Submitted: 24 June 2014
Four interview sessions: 14 February 2012, 17 February 2012, 20 February 2012, 28 February 2012
Total approximate duration: 9 hours and 20 minutes
Interviewer: Tacey A. Rosolowski, Ph.D.
For supplementary materials:
Please contact, the Historical Resources Center, Research Medical Library:
Javier Garza, MSIS, firstname.lastname@example.org
About the Interview Subject:
Dr. C. Stratton Hill, Jr., M.D. (b. 28 July 1928, Humbolt, Tennessee; d. 2015) came to MD Anderson in 1963 as an oncologic endocrinologist with a specialty in thyroid cancer. By the 1980s, his career had expanded to include pain management, the work for which he is perhaps best known. Dr. Hill served as the Associate Director of the Ambulatory Care Clinics from 1974-1979. In 1981 he set up the Pain Clinic (now the Pain Management Center) and served as its director until 1992. In 1996 Dr. Hill received the American Cancer Society Humanitarian Award, given for his dedication to improving cancer control and for his accomplishments in human welfare. Post retirement, Dr. Hill has worked with the Open Door Mission Foundation for Recovery and Rehabilitation in Houston. He is a Professor Emeritus and Internist Emeritus in the Department of Symptom Research. Dr. Hill retired in 1996. He passed away in December 2015.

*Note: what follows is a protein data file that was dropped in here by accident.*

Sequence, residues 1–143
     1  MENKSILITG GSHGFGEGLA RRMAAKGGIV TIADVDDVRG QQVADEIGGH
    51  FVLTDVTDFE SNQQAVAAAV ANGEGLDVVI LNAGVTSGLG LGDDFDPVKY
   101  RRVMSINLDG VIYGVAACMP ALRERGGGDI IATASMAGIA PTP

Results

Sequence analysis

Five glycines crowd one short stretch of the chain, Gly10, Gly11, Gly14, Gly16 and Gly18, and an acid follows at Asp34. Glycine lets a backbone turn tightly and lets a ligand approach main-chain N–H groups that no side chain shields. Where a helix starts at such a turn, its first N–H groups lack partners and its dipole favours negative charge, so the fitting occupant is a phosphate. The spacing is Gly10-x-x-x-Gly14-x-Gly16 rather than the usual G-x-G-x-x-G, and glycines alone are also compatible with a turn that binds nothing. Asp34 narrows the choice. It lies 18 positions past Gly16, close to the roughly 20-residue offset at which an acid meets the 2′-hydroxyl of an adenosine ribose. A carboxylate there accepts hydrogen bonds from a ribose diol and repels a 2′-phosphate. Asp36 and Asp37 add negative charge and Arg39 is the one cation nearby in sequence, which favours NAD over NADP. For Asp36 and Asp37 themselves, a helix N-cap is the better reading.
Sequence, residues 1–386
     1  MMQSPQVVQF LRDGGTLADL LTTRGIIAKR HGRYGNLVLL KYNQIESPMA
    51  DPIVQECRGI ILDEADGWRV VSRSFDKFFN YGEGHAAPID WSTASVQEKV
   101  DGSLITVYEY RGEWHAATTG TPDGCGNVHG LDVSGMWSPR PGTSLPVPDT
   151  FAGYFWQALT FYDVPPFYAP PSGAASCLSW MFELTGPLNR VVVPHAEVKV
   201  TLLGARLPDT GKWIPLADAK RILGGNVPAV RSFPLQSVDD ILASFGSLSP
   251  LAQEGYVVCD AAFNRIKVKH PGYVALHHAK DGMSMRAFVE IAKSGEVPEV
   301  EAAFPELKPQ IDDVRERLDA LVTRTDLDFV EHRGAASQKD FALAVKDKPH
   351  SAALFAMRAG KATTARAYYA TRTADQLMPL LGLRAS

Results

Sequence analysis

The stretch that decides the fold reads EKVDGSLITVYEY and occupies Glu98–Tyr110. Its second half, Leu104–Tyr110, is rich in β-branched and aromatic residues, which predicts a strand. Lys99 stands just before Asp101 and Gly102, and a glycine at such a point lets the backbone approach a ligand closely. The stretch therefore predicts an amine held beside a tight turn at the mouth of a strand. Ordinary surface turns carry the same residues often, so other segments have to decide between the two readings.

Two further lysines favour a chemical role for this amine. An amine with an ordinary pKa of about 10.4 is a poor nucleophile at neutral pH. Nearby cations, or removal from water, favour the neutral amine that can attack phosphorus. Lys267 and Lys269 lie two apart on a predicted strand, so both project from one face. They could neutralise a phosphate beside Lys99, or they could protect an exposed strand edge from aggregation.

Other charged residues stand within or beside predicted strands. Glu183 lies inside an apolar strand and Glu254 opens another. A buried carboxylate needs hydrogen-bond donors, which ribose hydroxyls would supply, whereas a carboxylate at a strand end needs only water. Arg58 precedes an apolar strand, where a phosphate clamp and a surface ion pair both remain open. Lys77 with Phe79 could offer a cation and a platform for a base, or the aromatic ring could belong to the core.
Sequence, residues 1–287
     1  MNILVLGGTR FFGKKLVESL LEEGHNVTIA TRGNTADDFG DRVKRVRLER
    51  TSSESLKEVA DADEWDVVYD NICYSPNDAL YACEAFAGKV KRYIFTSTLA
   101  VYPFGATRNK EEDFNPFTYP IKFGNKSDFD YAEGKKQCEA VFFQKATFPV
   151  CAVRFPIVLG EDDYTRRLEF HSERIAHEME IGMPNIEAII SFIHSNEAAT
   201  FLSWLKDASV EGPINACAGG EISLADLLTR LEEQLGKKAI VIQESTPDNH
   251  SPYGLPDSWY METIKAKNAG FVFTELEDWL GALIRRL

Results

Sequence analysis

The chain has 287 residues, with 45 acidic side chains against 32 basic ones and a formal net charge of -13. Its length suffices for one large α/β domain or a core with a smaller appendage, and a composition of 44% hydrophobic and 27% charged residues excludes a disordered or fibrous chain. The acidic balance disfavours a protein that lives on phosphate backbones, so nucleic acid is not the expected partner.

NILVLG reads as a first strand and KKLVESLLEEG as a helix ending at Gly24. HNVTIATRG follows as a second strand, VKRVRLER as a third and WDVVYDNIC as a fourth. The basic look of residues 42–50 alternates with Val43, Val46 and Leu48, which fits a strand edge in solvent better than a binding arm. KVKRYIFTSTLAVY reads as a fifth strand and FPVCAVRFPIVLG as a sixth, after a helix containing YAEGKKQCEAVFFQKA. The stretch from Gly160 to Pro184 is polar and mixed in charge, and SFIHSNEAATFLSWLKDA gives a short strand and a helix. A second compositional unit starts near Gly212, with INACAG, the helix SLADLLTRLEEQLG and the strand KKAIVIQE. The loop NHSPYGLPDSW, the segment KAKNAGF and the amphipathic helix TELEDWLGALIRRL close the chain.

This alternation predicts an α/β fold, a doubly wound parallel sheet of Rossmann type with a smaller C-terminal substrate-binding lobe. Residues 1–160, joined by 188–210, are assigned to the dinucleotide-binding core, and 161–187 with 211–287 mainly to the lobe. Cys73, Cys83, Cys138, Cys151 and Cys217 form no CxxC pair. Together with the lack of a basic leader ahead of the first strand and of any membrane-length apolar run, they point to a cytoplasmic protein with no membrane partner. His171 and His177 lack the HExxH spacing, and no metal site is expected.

Major Topics Covered
Personal and educational background; faith
Research: thyroid cancer; pain management and policy
MD Anderson history and culture: research innovation
Pain management: development of field; first book on; cultural and social factors influencing use of opioids
Developing the Ambulatory Care Clinic